After my Satellite Liaison duties in Mityana town, I proceeded to Fort Portal where I met up with other Peace Corps DeusVolunteers. We gathered together at the Kyaninga Child Development Center (CDC) near YES Hostel where Camp Kuseka would take place from January 12 – 16. The goal was to empower youth, caretakers, and parents connected with special needs in the community. The following tale is one of the relationship between myself as a counselor and my camper Deus.

I was eager to start this grand adventure at the CDC, but the Camp Directors informed us that we first needed to go through two days of training. The camp was to take place in this beautifully walled-off compound with areas designated for sports, arts and crafts, reading, and lectures/dancing. During this time, we underwent basic information involving special needs education in Uganda and how little it is understood. We discussed worst-case scenarios, how to act with different special needs campers, basic Ugandan sign language, basic Rutooro, adapting activities to suit individual campers, and the various Ugandan groups who were involved with this camp:

TOCI – Twerwanemo Orphans Community Initiative

YAWE – Youth and Women Empowerment

KCDC – Kyaninga Child Development Center

RSNF – Rwenzori Special Needs Foundation

YALI – Young African Leaders Initiative

On the last day of training, each counselor was matched up with unique camper with a special need. Each counselor and camper duo was then placed in a specific color group: yellow for auditory, orange for physical, and red for mental. I found out that I was to be paired with Anifa, a 16-year old girl who had problems with fine motor skills. Despite having an older camper, I was eager to start off this journey.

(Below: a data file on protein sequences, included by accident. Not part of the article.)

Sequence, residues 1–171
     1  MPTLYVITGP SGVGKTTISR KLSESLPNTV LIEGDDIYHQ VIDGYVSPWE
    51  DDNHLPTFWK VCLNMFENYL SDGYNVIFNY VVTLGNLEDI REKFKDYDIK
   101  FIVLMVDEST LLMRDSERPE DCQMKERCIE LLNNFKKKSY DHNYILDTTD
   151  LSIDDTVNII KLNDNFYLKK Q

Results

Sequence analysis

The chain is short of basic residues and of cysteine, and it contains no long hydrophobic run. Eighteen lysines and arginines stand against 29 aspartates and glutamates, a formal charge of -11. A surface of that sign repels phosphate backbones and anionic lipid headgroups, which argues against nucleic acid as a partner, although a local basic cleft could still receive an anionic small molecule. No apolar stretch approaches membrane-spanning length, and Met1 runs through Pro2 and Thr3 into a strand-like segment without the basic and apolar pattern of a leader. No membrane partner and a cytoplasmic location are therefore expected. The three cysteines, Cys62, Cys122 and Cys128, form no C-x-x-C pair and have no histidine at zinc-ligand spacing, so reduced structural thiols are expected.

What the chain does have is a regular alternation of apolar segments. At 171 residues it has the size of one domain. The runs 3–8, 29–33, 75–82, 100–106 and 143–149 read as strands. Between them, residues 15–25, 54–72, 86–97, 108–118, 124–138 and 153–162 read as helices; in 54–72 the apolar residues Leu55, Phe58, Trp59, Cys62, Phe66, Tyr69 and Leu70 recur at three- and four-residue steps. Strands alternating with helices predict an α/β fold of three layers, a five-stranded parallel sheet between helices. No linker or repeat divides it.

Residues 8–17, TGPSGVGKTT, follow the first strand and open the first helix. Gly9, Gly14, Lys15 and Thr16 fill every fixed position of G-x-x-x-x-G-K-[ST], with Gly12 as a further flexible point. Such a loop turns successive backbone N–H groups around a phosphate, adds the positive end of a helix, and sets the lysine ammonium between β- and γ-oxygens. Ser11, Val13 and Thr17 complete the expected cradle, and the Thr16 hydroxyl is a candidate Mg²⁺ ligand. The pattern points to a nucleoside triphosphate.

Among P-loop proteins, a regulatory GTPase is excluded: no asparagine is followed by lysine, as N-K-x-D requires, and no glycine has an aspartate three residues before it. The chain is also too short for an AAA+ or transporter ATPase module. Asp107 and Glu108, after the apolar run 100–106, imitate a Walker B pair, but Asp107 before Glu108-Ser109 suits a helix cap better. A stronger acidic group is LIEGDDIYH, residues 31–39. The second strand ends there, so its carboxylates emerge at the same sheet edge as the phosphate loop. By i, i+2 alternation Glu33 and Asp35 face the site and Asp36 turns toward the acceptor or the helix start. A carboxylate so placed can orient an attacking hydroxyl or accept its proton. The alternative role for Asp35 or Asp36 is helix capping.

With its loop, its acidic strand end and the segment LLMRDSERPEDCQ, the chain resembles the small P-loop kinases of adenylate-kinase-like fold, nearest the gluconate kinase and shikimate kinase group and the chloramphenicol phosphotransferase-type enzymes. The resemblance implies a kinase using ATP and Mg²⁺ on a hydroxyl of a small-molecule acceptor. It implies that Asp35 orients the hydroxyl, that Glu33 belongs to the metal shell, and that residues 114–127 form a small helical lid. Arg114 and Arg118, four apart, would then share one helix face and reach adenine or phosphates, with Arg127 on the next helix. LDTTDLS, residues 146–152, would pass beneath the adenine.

“You call yourself normal, but you’re not normal. No one on this world is normal.”
~Swaib, Ugandan Counselor

12/1/15 – Journal Notes

I don’t feel nervous at all for this beginning part of camp. I felt that I learned a few new things about PWD (People with Disabilities) during ToT (Training of Trainers), but now I’m excited to once again get this camp started.

At lunchtime, I switched campers from Anifa in the orange group to Deus in the red group. Deus is a 12, 14, 15, or 16 year old who has a mental disability. He is easily distracted and has the mind of a 6-year old.

It was a fulfilling and tiring day. I wasn’t nervous, and funnily enough I felt confident in my abilities as a counselor. I guess that in the past, I’ve always worried about being good enough in situations like this.

I was sad that I had to switch from Anifa to Deus by mid-day, but I think that the fit worked out in their best interests. In the end, I suppose that my energies and personality jive much better with Deus and his interests than with Anifa’s. She is a girl’s girl and Deus likes to do more guy things.

13/1/15 – Journal Notes

It was another long day in the tale of Deus and Marvin. It went by so fast from the get-go. We started by playing Camp Kuseka Readingsports and continued our tradition of throwing cones in a hoop, cricket bat fighting, and me chasing Deus with hula hoop fingers. One of our favorite past-times was hitting the indestructible ball back and forth to each other.

During library time, we read all of the books with the pictures, especially Richard Scarry with the fruit and vegetable cars. I’ve realized that in this journey, he likes to attend to literary obstacls and encounters with a judgmental eye. If there are no good pictures, he rushes through the book. Words are his greatest downfall. For example, space was impossible to navigate. The adventure continued with speeches right before lunch, where I was very tired and sleepy.

Lunch was good, and I got to meet Deus’ father, who was also a part of the Amooti pet name clan.